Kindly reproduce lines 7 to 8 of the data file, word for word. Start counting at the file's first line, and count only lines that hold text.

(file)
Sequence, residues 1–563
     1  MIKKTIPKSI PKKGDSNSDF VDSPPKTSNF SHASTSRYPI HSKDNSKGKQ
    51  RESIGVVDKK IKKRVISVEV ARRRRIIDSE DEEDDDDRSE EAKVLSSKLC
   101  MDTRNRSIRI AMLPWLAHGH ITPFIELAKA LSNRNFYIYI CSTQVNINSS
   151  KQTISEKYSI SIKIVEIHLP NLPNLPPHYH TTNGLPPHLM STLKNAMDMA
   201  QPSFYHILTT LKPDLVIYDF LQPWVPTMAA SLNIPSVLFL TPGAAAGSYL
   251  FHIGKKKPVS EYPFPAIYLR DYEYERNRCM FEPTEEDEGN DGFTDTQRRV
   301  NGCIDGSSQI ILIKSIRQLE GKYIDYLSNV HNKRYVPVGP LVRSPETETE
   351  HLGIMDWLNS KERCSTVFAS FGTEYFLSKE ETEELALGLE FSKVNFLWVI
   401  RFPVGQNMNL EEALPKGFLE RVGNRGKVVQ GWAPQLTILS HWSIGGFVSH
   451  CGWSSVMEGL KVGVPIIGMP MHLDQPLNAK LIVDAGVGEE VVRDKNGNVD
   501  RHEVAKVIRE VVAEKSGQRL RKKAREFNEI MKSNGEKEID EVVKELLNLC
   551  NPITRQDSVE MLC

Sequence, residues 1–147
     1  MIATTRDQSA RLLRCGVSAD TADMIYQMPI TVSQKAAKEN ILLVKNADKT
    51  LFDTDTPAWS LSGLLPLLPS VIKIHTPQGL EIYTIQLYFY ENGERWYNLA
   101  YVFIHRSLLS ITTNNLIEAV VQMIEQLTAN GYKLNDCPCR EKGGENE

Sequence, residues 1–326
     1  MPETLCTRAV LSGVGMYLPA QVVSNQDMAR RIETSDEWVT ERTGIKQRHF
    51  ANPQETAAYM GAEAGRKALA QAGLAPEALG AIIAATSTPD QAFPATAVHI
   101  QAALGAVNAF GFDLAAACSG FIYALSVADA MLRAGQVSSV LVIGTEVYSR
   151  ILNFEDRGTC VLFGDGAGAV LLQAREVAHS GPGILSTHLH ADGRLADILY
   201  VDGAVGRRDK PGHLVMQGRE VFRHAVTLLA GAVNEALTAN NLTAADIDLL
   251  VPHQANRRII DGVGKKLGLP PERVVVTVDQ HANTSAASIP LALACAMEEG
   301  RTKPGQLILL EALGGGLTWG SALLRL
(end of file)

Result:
   251  FHIGKKKPVS EYPFPAIYLR DYEYERNRCM FEPTEEDEGN DGFTDTQRRV
   301  NGCIDGSSQI ILIKSIRQLE GKYIDYLSNV HNKRYVPVGP LVRSPETETE